Consolidation is being driven by a desire for regional expansion and the utilization of “tuck-in” acquisitions to purchase market share, technological capability or other assets by merging acquired companies into acquirers. Another factor is the desire to acquire material recycling facilities in the recognition that sustainability and materials conservation are changing the way that waste is being managed, Parker said.
“It’s also a favorable time for some companies to exit the industry,” Parker added. “Owners of these companies worry about increasing capital requirements to stay competitive, a potential increase in the capital gains tax, and waste volume expectations still remaining relatively static.”
Competitive forces drive much of the acquisition trend, agreed Jeremy O’Brien, director of applied research at the Solid Waste Association of North America in Silver Spring, Maryland. “Large waste management companies have the stated goal of vertical integration in regional marketplaces so that they can out compete others that can’t offer regional landfill capacity,” O’Brien said. “Companies will buy or sell local collection service providers in order to enhance their strength in the marketplace.”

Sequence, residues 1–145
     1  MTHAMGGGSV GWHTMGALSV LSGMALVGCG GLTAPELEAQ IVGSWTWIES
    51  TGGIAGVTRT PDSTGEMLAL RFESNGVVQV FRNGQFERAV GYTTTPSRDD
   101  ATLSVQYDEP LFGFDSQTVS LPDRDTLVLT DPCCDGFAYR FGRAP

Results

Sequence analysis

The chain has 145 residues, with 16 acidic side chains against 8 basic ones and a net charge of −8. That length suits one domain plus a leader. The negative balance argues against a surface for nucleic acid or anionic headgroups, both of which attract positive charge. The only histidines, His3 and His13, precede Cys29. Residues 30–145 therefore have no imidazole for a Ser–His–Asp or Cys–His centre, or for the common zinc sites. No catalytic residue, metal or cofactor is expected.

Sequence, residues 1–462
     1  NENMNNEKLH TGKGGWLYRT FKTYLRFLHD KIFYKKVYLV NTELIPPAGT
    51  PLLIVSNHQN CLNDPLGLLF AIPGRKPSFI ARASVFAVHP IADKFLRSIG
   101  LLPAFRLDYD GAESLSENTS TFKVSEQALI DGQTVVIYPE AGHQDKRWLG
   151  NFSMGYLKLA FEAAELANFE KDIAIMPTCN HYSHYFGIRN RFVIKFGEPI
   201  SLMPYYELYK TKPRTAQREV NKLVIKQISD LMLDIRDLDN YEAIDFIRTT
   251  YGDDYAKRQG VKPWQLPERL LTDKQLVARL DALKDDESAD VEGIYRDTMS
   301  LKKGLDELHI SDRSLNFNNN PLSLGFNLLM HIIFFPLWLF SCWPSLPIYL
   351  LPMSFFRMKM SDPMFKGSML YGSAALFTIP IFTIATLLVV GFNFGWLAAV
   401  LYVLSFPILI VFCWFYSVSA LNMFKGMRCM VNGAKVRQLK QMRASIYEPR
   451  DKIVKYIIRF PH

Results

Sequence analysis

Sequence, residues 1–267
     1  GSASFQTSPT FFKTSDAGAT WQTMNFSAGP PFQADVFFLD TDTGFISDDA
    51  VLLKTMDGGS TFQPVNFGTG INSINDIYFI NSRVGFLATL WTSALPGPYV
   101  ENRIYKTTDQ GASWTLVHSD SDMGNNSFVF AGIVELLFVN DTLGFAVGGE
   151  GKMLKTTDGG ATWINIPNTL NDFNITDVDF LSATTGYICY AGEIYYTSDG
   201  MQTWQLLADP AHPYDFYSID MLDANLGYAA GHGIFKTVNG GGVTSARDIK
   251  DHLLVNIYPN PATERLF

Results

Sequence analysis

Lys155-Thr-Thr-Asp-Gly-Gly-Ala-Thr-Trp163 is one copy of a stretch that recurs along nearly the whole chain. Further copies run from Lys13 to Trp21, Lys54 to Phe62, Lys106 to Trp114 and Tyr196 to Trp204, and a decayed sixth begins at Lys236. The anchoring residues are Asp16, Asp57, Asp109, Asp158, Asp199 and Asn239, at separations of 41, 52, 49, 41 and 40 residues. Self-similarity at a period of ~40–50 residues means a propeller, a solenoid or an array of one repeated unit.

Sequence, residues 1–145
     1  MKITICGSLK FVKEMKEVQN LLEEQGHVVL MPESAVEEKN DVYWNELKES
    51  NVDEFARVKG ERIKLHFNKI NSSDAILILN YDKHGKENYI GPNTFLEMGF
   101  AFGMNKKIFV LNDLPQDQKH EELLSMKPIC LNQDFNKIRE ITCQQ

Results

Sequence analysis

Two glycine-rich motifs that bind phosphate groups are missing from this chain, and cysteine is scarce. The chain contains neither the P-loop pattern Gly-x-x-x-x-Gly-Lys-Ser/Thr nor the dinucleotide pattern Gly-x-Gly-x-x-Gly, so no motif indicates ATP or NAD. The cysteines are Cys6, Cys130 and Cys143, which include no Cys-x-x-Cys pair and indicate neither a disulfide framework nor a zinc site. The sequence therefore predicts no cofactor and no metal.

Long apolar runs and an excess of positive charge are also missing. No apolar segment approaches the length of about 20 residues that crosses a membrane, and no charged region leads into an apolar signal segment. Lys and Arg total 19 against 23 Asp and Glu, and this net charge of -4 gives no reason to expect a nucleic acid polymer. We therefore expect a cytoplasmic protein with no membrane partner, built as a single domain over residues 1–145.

Government policies have played a key role as well, O’Brien added. “When the new landfill regulations were issued by the federal government in the early 1990s, they kind of encouraged large regional landfills,” he says. States got in on the act too, attracted by the simplification afforded by permitting and overseeing fewer, larger landfills and companies.
Impacts of the trend
One result of all this is decreasing competition in solid waste disposal, O’Brien said. And that can produce higher fees for disposal. “The current trend toward the use of regional landfills is diminishing competition in the marketplace,” O’Brien said. “As a result, the economic benefits associated with the economies of scale associated with larger landfills are often offset by the charging of higher prices due to reduced levels of competition.”
O’Brien sees the consolidation trend as a potential problem for municipalities and others with waste to dispose of, as fewer companies increasingly control pricing. “There is a need to ensure that competition exists in the solid waste disposal marketplace to keep disposal prices competitively based,” he said.